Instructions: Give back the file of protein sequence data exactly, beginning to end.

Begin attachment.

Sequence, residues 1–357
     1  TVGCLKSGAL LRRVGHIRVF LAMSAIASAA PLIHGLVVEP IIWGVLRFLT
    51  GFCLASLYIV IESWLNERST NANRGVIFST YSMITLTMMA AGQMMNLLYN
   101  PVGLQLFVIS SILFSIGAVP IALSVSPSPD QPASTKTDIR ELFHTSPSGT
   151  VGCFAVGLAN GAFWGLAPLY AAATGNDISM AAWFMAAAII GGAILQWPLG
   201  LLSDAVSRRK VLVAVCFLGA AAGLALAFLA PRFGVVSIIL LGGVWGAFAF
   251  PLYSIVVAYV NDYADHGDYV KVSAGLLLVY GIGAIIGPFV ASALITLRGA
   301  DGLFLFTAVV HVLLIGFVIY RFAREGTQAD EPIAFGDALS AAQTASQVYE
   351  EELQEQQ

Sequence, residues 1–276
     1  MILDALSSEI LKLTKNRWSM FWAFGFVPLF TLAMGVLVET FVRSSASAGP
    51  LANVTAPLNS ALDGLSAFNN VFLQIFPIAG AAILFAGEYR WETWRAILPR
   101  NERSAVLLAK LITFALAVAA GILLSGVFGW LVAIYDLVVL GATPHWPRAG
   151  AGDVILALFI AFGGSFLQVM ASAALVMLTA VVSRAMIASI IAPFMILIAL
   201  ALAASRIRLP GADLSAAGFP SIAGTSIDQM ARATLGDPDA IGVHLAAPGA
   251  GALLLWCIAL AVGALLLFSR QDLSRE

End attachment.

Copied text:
Sequence, residues 1–357
     1  TVGCLKSGAL LRRVGHIRVF LAMSAIASAA PLIHGLVVEP IIWGVLRFLT
    51  GFCLASLYIV IESWLNERST NANRGVIFST YSMITLTMMA AGQMMNLLYN
   101  PVGLQLFVIS SILFSIGAVP IALSVSPSPD QPASTKTDIR ELFHTSPSGT
   151  VGCFAVGLAN GAFWGLAPLY AAATGNDISM AAWFMAAAII GGAILQWPLG
   201  LLSDAVSRRK VLVAVCFLGA AAGLALAFLA PRFGVVSIIL LGGVWGAFAF
   251  PLYSIVVAYV NDYADHGDYV KVSAGLLLVY GIGAIIGPFV ASALITLRGA
   301  DGLFLFTAVV HVLLIGFVIY RFAREGTQAD EPIAFGDALS AAQTASQVYE
   351  EELQEQQ

Sequence, residues 1–276
     1  MILDALSSEI LKLTKNRWSM FWAFGFVPLF TLAMGVLVET FVRSSASAGP
    51  LANVTAPLNS ALDGLSAFNN VFLQIFPIAG AAILFAGEYR WETWRAILPR
   101  NERSAVLLAK LITFALAVAA GILLSGVFGW LVAIYDLVVL GATPHWPRAG
   151  AGDVILALFI AFGGSFLQVM ASAALVMLTA VVSRAMIASI IAPFMILIAL
   201  ALAASRIRLP GADLSAAGFP SIAGTSIDQM ARATLGDPDA IGVHLAAPGA
   251  GALLLWCIAL AVGALLLFSR QDLSRE